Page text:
Fallout 4 [official site] is an open-world roleplaying game from Bethesda Game Studios, creators of Skyrim, and is set in the Boston area of America, 200 years after nuclear war all but wiped out a technologically-advanced civilization. Your character emerges into this blasted world after centuries in cryosleep, then must choose their own objectives and allegiances while battling mutants, monsters, machines and militia. It’s out tomorrow.I spent last week with it, and here’s what I made of it. This piece does not contain any plot spoilers.
52 hours. A level 29 character. 27/50 achievements. Two different endings seen. Feel like I’ve barely scratched the surface. Size, of course, is something we can all but take for granted from the follow-up to Skyrim and Fallout 3 – the lingering question is whether a new layer of quality could be applied to all that wasteland quantity.
Well, good news. Either technology finally caught up to Bethesda’s aspirations, or they took so many arrows to the knee from the resoundingly popular but much-lampooned Skyrim that they finally did something about the presentation issues we’ve been whining about. The refreshingly characterful Fallout 4 fixes problems which have dogged their games for years – although it then throws in brand new ones to compensate, and it maintains the traditional smattering of bizarro bugs and underwhelming combat.
Perhaps Fallout 4’s greatest failing is one which will please hundreds of thousands of people – the apple hasn’t fallen far from the tree. ‘Oblivion with guns’ comments about Fallout 3 notwithstanding, this is the Bethesda game which is most like its preceding Bethesda game. When I sit back and think about what I’ve been doing, I realise that, underneath the newly crisp and colourful skin, it’s exactly what I was doing in Skyrim, Fallout 3 and Oblivion before it.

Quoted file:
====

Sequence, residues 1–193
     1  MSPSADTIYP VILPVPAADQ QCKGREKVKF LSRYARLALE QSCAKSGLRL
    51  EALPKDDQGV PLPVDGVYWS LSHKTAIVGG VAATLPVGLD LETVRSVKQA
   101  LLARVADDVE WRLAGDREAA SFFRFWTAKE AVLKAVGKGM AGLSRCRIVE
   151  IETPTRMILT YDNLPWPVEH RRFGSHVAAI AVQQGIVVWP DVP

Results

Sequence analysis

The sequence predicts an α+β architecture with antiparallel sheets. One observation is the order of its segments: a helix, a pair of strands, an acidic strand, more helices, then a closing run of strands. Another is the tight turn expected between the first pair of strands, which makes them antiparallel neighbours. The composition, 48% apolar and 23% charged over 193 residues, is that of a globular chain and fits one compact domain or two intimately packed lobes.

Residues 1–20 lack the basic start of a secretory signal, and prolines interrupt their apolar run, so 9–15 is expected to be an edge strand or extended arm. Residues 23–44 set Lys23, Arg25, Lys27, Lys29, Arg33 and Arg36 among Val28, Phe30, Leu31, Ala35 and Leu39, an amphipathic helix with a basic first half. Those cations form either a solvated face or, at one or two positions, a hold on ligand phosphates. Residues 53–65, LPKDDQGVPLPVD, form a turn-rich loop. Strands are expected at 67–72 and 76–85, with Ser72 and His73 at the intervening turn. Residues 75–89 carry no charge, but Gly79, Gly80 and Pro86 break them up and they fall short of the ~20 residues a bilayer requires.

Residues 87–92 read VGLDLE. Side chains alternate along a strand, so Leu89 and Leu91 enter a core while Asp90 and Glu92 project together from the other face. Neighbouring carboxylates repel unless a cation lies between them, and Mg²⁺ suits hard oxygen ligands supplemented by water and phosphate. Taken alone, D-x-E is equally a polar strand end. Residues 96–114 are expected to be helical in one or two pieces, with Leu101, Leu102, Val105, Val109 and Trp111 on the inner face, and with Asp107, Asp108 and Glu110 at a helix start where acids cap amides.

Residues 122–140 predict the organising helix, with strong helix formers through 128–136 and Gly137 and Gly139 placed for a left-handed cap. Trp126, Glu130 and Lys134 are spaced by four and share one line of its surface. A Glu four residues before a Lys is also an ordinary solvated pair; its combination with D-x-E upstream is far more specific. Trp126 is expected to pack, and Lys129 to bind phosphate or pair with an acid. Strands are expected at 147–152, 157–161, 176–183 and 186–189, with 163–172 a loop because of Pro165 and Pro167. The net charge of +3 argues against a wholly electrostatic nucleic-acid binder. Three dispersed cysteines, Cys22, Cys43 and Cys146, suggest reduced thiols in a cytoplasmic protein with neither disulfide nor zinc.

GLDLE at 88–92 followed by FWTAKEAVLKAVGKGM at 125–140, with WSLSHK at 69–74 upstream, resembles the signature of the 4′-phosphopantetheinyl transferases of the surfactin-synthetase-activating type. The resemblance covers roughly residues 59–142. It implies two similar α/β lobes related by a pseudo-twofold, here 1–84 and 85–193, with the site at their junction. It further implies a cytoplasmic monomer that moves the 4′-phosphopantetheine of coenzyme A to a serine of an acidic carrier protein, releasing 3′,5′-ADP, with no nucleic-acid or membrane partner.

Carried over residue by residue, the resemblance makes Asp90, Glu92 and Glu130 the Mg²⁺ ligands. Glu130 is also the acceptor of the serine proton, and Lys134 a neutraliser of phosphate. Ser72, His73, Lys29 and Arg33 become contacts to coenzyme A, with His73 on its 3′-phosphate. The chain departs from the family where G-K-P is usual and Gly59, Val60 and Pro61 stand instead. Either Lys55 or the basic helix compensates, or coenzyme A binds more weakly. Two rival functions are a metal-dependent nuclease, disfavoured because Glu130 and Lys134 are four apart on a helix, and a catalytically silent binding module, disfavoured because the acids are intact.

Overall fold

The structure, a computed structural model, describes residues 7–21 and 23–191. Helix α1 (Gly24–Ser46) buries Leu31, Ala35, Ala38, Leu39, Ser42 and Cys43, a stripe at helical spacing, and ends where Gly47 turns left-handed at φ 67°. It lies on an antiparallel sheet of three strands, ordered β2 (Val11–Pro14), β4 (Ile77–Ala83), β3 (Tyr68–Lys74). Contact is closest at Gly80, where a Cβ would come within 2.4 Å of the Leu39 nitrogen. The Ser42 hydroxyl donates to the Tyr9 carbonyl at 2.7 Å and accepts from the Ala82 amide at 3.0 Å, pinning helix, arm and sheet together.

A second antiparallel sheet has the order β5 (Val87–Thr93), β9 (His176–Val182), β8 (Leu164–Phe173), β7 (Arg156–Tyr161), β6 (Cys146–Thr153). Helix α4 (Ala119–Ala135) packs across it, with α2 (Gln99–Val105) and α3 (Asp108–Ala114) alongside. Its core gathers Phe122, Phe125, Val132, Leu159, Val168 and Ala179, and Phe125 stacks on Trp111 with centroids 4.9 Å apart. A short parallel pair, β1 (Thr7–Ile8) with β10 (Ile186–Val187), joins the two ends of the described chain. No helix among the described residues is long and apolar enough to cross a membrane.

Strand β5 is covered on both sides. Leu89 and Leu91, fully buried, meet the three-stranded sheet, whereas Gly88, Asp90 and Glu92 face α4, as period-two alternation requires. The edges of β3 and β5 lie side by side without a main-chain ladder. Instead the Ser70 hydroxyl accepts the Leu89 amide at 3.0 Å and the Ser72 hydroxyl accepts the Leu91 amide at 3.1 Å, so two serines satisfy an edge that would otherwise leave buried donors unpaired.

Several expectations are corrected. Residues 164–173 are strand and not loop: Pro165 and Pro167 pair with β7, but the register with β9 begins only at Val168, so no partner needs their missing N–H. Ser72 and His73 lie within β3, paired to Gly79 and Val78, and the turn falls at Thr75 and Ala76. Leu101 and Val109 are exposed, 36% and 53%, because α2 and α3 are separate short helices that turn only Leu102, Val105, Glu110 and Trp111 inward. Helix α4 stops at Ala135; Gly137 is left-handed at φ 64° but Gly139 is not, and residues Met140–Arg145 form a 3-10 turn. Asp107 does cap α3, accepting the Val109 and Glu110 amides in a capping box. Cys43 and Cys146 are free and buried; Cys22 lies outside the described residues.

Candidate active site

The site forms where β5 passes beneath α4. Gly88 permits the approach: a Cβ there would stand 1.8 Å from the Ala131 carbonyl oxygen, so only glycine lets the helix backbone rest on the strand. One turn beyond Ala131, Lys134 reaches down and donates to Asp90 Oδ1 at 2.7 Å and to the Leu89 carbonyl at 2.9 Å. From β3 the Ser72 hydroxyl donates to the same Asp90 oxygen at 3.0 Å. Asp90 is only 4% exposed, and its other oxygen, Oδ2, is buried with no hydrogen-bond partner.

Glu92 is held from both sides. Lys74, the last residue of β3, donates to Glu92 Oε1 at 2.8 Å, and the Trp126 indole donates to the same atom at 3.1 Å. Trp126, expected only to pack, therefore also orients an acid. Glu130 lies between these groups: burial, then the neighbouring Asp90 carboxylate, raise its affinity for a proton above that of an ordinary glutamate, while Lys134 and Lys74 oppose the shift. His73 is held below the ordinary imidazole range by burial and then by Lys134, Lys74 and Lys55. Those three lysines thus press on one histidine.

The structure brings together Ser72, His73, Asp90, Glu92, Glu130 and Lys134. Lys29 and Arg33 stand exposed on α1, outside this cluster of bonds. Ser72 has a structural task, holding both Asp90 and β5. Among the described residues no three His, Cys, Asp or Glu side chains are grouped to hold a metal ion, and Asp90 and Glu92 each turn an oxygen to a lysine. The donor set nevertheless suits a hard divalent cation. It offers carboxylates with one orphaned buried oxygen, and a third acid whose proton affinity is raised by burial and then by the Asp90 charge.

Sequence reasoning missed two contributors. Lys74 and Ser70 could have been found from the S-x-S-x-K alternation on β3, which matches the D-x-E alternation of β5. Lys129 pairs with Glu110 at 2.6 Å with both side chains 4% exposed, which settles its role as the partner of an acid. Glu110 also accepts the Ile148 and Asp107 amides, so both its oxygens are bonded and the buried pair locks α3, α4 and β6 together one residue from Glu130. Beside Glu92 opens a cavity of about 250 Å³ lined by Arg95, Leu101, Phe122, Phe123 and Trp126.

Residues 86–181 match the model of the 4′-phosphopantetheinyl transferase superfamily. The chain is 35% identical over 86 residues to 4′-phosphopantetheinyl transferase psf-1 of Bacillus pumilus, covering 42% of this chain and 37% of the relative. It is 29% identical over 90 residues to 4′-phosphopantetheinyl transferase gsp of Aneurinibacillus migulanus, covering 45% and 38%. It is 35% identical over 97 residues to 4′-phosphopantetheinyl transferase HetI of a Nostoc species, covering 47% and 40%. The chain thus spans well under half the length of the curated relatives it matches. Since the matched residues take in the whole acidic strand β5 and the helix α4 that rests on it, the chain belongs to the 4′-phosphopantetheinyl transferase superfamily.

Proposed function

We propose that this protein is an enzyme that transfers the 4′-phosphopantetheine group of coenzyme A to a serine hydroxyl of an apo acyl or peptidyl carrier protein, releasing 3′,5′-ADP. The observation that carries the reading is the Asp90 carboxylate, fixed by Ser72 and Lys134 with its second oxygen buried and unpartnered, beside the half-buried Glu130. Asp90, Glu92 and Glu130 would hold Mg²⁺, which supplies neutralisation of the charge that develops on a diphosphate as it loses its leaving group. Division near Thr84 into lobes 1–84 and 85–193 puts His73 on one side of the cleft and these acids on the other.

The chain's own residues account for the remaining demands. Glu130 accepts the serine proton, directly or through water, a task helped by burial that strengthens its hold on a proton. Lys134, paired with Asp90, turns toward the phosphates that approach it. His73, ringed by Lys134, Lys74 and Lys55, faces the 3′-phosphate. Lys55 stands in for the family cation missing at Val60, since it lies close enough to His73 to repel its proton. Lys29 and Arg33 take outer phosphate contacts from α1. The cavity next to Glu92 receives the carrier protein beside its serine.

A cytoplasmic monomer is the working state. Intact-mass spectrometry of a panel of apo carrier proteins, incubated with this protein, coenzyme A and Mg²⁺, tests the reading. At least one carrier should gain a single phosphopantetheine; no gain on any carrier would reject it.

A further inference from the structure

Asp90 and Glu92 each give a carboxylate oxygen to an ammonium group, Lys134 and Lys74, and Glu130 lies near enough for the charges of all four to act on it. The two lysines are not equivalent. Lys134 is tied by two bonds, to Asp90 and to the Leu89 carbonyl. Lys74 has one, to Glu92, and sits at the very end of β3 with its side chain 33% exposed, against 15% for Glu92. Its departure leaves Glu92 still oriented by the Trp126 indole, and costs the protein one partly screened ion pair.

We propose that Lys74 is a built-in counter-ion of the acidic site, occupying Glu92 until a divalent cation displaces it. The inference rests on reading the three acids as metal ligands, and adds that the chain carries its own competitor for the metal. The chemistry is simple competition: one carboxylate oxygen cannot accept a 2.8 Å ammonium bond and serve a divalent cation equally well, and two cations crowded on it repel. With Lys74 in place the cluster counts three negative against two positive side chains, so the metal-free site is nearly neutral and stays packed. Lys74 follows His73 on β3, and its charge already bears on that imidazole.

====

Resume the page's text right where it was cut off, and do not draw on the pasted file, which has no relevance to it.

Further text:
From spending far too long crafting minor weapon upgrades to painstakingly dressing up an AI companion who keeps getting stuck on scenery, from clumsily decorating my homestead to pickpocketing everyone in sight, and most of all from constantly interrupting my current goals with a new questline to endlessly fighting men and monsters. Structurally, no matter how much it might contain and how flashy it looks, Fallout 4 almost always boils down to Go Here / Kill Lots Of Things / Upgrade / Do It Again.
This is business as usual despite numerous tweaks here, fleshings-out there and this twin series’ most impressive presentation to date. Its surprises really come only from art, and almost never from possible actions you can take. On paper, Fallout 4 isn’t doing a whole lot new, and there’s definitely an argument to be made that the Fallouts are simply the tock to The Elder Scrolls’ tick (to use the terminology applied to iPhone S releases). Despite their many flaws, Oblivion and Skyrim were still experimenting with the possibilities created in Morrowind, but like Fallout 3 before it Fallout 4 only really pushes the ideas forward in terms of themes and guns.
This would be damning, were it not for the fact that Fallout 4 does much of what it does so, so much better than Fallout 3 particularly, but also than Skyrim.
Tradition dictates that I should spend a few paragraphs moaning about how turgid the voice-acting is, how pudding-like the character faces are, how lacklustre the storytelling. And… I’m not going to. I don’t have to. Those things, those ancient Bethesda bugbears, have improved immeasurably. Not completely, but speaking as someone who repeatedly tried to kill Brother Joffrey in Oblivion so I didn’t have to hear his wretched voice again, tried to mute all Fallout 3’s voices to spare myself from lifeless shopkeepers’ dull ‘a traveller, eh?’ utterances and made arrow/knee Skyrim references only as a demonstration of contempt, I simply haven’t seen red in that way during Fallout 4.
We’re not looking at best-in-class character modelling by a long shot, and unfortunately most of the peripheral NPCs still move like clockwork-powered automatons, but the leap is dramatic enough that I’m happy to wave away the remaining shortcomings as a consequence of how much the game has to show at any one time.